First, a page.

Apparently the Water Utility is considering using Well 8 full-time again, despite knowing that the well is very likely connected to the upper aquifer, making it highly vulnerable to the significant contamination spreading from Kipp. This information, found in Kipp’s consultant report on DNR website, flies in the face of repeated assurances from the Madison Water Utility and Kipp over the last several years that Well 8 is protected from Kipp’s contamination by the Eau Claire shale layer. See footnote for more information and a link to the report.
In the Feb. 26 email, Kipp’s consultant, at the request of Kipp CEO Tony Koblinski, asserted that “all of the data, information, and best available science indicate that Unit Well 8 will not be impacted by PCE in groundwater at the Madison Kipp site if Well 8 operates 24/7.” In support of this, among other things, Kipp claims that “the vertical extent of PCE has been delineated at the Madison Kipp site,” “is not deeper than 170 feet,” and the “the PCE plume has stabilized and is no longer expanding.”
These claims are completely unsubstantiated by evidence. The vertical and horizontal extents of the Kipp plume have never been fully delineated, as this memo describes, and communications among government officials also state. Since nobody knows how deep and wide the Kipp plume really is—because there hasn’t been enough testing— it is impossible to verify that the plume is “stabilized” and “no longer expanding.”
This raises many questions. One big one: Why would it be to Kipp’s advantage to pump Well 8 full time? We speculate on this and other questions in an upcoming post. Please send your thoughts on this to info “at”mejo.us
The Well 8 log is in the last 3 pages of this report. On p. 9 of the report, it states:
“The City of Madison drinking water source is groundwater from various sandstone bedrock formations. Municipal Unit Well 8 is the closest municipal well to the Site and is approximately 1,400 feet southeast of the Site (Figure 1). Municipal Unit Well 8 is cased to 280 feet bls, below the Eau Claire shale aquitard, and is an open bedrock well across the Mount Simon Formation from 280 to 774 feet bls (McCarthy, 1945). According to the Unit Well 8 boring log (Appendix C), dynamite shots were used in a nearby test borehole at depths of approximately 380 feet, 430 feet, 480 feet, and 530 feet to fracture the bedrock between the test and Unit Well 8 borehole to increase the specific capacity of Unit Well 8. After the boreholes were connected by fracturing the bedrock, Unit Well 8 was tested at a pumping rate of approximately 1,965 gallons per minute with 65 feet of drawdown, yielding a specific capacity of approximately 30 gallons per minute per foot of drawdown.”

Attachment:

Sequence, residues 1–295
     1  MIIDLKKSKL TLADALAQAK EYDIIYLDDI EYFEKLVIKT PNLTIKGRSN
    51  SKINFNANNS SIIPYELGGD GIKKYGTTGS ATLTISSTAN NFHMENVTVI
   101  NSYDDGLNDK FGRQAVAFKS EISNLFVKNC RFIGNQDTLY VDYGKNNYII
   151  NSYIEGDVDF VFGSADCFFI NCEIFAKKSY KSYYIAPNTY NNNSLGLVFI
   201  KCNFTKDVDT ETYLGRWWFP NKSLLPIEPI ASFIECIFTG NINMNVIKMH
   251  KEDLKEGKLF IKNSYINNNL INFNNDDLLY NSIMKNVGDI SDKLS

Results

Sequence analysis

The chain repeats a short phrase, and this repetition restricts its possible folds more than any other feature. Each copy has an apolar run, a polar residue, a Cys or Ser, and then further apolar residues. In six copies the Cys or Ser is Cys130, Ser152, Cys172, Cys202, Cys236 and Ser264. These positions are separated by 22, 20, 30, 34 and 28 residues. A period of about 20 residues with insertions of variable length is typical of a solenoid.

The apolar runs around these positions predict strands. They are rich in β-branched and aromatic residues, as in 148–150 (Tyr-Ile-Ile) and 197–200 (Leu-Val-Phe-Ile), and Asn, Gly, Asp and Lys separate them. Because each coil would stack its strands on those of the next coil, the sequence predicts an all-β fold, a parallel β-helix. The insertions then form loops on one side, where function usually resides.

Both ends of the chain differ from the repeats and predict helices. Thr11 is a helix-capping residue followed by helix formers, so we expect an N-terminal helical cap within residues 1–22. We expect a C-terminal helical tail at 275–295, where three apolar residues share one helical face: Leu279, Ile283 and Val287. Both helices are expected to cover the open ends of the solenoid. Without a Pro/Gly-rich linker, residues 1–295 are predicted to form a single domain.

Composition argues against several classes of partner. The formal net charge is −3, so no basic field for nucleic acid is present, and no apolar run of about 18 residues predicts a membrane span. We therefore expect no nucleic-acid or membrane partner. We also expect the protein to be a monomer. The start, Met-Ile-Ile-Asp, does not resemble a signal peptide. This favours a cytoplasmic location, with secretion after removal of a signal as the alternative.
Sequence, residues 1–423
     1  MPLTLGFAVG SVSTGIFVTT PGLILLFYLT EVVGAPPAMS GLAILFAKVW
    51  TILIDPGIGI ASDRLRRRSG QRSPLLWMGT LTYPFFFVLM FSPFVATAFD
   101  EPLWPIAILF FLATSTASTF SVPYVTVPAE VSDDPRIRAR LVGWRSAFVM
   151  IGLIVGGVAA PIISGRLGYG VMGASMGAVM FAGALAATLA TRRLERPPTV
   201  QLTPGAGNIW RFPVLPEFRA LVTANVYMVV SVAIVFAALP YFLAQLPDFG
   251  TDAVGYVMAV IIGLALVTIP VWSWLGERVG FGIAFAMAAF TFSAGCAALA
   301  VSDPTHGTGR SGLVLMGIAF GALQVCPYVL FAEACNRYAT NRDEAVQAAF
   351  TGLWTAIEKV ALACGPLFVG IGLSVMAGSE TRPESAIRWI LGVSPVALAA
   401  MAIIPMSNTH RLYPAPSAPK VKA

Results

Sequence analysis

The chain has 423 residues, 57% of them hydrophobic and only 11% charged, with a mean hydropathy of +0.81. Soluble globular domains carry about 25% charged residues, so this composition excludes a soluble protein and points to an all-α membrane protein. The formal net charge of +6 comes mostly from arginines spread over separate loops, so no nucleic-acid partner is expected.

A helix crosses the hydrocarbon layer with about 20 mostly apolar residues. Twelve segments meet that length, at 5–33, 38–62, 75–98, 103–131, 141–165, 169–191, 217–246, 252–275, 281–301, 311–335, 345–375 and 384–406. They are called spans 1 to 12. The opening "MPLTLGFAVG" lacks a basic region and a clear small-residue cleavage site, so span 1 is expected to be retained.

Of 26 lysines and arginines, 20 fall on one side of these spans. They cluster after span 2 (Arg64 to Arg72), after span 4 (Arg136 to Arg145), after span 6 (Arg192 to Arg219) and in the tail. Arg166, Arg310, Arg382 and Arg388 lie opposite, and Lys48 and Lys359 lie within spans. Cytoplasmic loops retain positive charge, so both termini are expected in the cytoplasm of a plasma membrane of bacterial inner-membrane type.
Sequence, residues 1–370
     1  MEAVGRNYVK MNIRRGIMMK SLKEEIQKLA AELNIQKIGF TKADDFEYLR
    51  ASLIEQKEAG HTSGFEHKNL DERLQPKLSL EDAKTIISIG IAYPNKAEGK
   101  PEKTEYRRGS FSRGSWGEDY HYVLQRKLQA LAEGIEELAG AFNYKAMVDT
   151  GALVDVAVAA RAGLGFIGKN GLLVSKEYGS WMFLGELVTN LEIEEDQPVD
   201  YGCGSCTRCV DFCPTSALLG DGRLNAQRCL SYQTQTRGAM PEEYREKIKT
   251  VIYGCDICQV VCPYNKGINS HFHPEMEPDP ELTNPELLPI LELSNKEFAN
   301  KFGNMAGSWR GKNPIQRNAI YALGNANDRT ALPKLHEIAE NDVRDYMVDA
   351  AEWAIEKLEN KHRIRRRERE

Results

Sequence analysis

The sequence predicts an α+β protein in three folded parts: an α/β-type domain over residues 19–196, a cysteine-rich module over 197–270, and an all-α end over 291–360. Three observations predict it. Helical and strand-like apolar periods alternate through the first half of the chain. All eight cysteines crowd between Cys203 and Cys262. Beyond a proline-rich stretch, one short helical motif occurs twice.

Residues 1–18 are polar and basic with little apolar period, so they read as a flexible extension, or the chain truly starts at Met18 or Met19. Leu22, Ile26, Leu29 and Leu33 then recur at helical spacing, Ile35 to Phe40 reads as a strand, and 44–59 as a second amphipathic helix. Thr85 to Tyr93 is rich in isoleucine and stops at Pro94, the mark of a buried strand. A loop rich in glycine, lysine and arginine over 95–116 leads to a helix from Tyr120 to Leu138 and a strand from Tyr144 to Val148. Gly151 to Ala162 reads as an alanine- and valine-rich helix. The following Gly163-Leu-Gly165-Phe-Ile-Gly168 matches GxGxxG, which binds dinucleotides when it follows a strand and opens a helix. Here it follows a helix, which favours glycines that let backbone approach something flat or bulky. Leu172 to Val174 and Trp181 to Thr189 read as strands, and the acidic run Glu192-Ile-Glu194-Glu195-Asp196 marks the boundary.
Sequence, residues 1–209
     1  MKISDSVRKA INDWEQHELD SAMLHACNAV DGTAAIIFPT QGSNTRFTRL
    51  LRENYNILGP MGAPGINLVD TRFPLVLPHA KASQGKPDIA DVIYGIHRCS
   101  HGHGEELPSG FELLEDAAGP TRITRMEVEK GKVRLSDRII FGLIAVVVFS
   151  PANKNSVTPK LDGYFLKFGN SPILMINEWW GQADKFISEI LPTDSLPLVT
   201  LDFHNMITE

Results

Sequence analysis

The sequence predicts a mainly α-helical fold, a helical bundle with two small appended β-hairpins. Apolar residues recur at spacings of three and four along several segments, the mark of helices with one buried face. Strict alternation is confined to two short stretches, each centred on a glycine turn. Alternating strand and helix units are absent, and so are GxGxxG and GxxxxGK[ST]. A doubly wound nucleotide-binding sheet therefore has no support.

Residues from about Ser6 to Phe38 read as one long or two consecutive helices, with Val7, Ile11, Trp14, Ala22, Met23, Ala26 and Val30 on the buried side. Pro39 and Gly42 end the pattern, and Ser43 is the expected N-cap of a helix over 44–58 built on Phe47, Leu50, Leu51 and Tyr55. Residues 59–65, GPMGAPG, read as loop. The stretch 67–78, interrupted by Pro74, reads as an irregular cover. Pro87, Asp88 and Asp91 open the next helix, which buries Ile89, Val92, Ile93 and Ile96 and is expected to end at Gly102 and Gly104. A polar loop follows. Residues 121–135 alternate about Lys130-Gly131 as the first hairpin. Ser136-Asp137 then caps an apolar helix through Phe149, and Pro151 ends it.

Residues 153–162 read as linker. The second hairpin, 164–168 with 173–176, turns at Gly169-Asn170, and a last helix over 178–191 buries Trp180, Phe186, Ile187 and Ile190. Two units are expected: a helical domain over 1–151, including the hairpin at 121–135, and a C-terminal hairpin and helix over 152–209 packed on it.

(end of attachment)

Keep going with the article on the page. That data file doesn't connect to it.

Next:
The “test well” they are referring to above is not cased through the Eau Claire shale. This means it is open to the upper aquifer. Because the test well and the production well have been connected (via dynamite shots), essentially the two wells are connected. In sum, this means that Well 8 is very likely connected to the upper aquifer through the test well hole. Government officials at city, county, and state agencies have known about this for some time, but have never shared this information publicly.